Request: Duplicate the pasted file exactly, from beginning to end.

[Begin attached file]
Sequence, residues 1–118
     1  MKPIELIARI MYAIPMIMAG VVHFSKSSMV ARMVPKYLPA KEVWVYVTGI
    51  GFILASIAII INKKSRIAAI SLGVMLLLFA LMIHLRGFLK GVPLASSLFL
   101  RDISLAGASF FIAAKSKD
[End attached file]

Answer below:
Sequence, residues 1–118
     1  MKPIELIARI MYAIPMIMAG VVHFSKSSMV ARMVPKYLPA KEVWVYVTGI
    51  GFILASIAII INKKSRIAAI SLGVMLLLFA LMIHLRGFLK GVPLASSLFL
   101  RDISLAGASF FIAAKSKD